She made chicken, rice and sautéed vegetables and it was delicious! Ice tea washed it all down perfectly. She commented on how thin I was and I became a little self-conscious. We hung out for a few hours and then I left about 9:30PM.  It was a welcome distraction from my normal routine.

I can’t keep regular sleeping hours either. I wake up multiple times each night and after a while I drift back again. In and out, in and out. Sometimes fall asleep around 7:00 PM, sometimes at 5:00 PM, sometimes after midnight. Sometimes wake up for good at 4:30 AM, sometimes at 6:00 AM, sometimes at 9:00 AM. Each night (or day) it’s different.

This morning I’ll shower, dress up in business casual attire (nobody will know that I wore this yesterday) drive to a few select locations and walk in the front door.

I’ll smile for the receptionist. I hope there’s someone to meet with.

 P.S. I’ve noticed that a lot of other blogs are able to respond to a comment within a blocked box. For instance, when I post a comment, that person will respond in the comments section and it will appear as a thinner width-sixed box under my original comment. When I respond to a comment on this blog, I get it showing as a line by line by line comment section. Can anyone point out how you do that – get a threaded, thinner width-sized box under the original comment? I’ve looked through the options, but don’t see anything that addresses this. It would make a threaded comment much neater. Thanks for any help.

Oh, I get it. I have to click the ‘Reply’ shown within the initial comment itself! That is, instead of going to the bottom of the post and entering in a brand new comment. Oh, OK.

Bit by bit, I’m losing them all over again

I woke up with a start just a few moments ago.

I had shut off my waking alarm last night before going to bed. It was not making sense leaving my alarm on to get up for work when I’m suspended. It was the alarm for a scheduled calendar event that went off instead.

As I woke, I had the rushing thought that work was calling me because they needed me. I bolted up, came across the bedroom and picked up the phone that I use for alarms. Instead of it being the phone it was a reminder that I have my kids tonight – after work.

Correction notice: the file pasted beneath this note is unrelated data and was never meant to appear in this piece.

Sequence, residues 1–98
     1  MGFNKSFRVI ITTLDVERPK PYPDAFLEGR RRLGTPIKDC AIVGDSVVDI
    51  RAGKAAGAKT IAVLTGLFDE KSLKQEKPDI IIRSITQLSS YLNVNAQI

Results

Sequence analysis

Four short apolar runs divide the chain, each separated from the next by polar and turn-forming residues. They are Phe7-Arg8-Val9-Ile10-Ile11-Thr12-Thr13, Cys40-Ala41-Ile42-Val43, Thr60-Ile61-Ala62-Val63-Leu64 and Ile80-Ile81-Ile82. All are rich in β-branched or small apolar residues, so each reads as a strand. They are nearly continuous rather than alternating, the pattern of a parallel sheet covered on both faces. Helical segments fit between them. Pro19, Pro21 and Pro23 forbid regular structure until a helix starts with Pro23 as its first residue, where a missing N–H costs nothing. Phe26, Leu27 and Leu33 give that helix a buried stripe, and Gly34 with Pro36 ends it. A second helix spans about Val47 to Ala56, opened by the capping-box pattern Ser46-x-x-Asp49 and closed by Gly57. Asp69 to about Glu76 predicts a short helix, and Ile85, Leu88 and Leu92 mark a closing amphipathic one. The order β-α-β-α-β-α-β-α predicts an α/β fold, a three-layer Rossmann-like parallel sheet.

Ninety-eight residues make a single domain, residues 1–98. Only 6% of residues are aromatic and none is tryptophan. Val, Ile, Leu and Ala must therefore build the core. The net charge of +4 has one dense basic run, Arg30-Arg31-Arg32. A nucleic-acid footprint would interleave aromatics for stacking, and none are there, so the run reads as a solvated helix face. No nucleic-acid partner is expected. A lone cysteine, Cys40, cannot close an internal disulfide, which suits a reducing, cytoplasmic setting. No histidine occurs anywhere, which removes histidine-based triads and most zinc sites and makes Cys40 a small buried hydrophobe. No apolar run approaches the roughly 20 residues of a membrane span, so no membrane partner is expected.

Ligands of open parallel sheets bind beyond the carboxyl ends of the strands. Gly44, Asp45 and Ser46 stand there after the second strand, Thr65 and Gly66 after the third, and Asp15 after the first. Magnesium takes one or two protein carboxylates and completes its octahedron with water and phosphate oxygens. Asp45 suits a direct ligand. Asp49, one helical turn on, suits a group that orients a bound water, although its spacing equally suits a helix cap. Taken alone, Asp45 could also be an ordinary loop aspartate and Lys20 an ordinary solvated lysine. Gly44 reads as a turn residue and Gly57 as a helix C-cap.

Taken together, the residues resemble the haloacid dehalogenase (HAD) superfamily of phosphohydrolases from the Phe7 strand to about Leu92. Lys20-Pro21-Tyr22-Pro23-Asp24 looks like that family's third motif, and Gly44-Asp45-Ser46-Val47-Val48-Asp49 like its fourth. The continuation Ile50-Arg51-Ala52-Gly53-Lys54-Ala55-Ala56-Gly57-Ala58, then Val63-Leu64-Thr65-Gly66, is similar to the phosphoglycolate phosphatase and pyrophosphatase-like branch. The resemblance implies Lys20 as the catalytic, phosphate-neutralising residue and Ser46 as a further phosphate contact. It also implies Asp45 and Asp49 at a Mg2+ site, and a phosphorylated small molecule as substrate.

My thoughts shattered as a piece of glass falling from above. Reality enveloped me and here I am without work to go to, sitting in my underwear, smoking my second cigarette already. ‘Pathetic’ and ‘scared’ were the words that almost visibly came to me.

If I’m permanently out of work, the alternative schedule that I’ve set up to see my children regularly would be quickly dashed. I work 7-3 shifts. On alternate weeks, I’m lucky enough to see them on Monday, Wednesday and Friday nights, which lead into the weekends that I have them. On the opposite weeks I see them on Tuesday and Thursday night. Every week – Monday after work, Wednesday after work, Friday after work when they also sleep over until Sunday late afternoon. Then I wait until Tuesday after work and then Thursday after work and it’s the weekend that I don’t see them. Today begins the week where I see them Monday, Wednesday, Friday night leading into Sunday late afternoon.

The schedule may seem bizarre, but in my profession it works out fantastically! I set it up purposly in order to get to see them at least every other day. My thought is that I helped bring them into this world, why shouldn’t I see them as often as possible despite divorce? And the schedule works out perfectly for that! It’s been in effect for over two years and I can’t imagine not seeing them on any given scheduled day.

If I am forced into another job – believing that I can find another job, my schedule would be destroyed. And then, the utter embarrasment of telling the ex, and the kids, that my schedule needs to change. I would lose the opportunity of seeing them as often, and thus, another stone would be dislodged in the continuity of seeing them. Which, God help me, would be just fine with my oldest.

Seeing them less would only help to solidify the expanding physical gap between them and I. I pale over when I think of the countless times when I’m not there at the end of the day for them. For instance, when they’re sick and need to cling – even ever so lightly, for comfort and I’m not physically there for them. She’s become the only one they cling to for support because she’s always there. And, I’m not.

It’s a continual loosening and redefinition of our bond. It invariably happens each hour, each and every day that I’m not there with them, and they’re growing up, and getting used to, their Father not there as a daily presence. It tears at my heart no matter how I try to put it aside and tell myself that this is just the way it is.

Losing my job would ease the pressure of my oldest from seeing me as often.

Good morning. I’m struggling.